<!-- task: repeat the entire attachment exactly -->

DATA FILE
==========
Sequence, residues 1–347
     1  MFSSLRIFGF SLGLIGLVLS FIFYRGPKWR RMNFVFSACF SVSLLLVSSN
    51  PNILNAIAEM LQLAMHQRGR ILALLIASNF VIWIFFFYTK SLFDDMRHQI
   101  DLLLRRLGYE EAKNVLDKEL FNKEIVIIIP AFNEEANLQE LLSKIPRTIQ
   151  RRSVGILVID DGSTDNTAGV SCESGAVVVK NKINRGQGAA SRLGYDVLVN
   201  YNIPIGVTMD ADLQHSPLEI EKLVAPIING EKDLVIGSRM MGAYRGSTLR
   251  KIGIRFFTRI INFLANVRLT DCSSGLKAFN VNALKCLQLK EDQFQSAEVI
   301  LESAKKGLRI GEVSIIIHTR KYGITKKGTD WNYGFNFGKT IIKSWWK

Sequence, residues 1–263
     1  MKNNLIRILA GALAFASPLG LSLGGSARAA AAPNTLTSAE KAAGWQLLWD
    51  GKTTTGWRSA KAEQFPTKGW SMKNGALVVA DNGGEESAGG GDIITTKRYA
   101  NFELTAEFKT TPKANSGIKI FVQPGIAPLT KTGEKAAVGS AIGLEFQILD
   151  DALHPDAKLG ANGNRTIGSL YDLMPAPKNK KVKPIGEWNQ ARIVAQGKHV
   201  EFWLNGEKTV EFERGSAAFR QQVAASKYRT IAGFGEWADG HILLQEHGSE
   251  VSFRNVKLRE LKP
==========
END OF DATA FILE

Sequence, residues 1–347
     1  MFSSLRIFGF SLGLIGLVLS FIFYRGPKWR RMNFVFSACF SVSLLLVSSN
    51  PNILNAIAEM LQLAMHQRGR ILALLIASNF VIWIFFFYTK SLFDDMRHQI
   101  DLLLRRLGYE EAKNVLDKEL FNKEIVIIIP AFNEEANLQE LLSKIPRTIQ
   151  RRSVGILVID DGSTDNTAGV SCESGAVVVK NKINRGQGAA SRLGYDVLVN
   201  YNIPIGVTMD ADLQHSPLEI EKLVAPIING EKDLVIGSRM MGAYRGSTLR
   251  KIGIRFFTRI INFLANVRLT DCSSGLKAFN VNALKCLQLK EDQFQSAEVI
   301  LESAKKGLRI GEVSIIIHTR KYGITKKGTD WNYGFNFGKT IIKSWWK

Sequence, residues 1–263
     1  MKNNLIRILA GALAFASPLG LSLGGSARAA AAPNTLTSAE KAAGWQLLWD
    51  GKTTTGWRSA KAEQFPTKGW SMKNGALVVA DNGGEESAGG GDIITTKRYA
   101  NFELTAEFKT TPKANSGIKI FVQPGIAPLT KTGEKAAVGS AIGLEFQILD
   151  DALHPDAKLG ANGNRTIGSL YDLMPAPKNK KVKPIGEWNQ ARIVAQGKHV
   201  EFWLNGEKTV EFERGSAAFR QQVAASKYRT IAGFGEWADG HILLQEHGSE
   251  VSFRNVKLRE LKP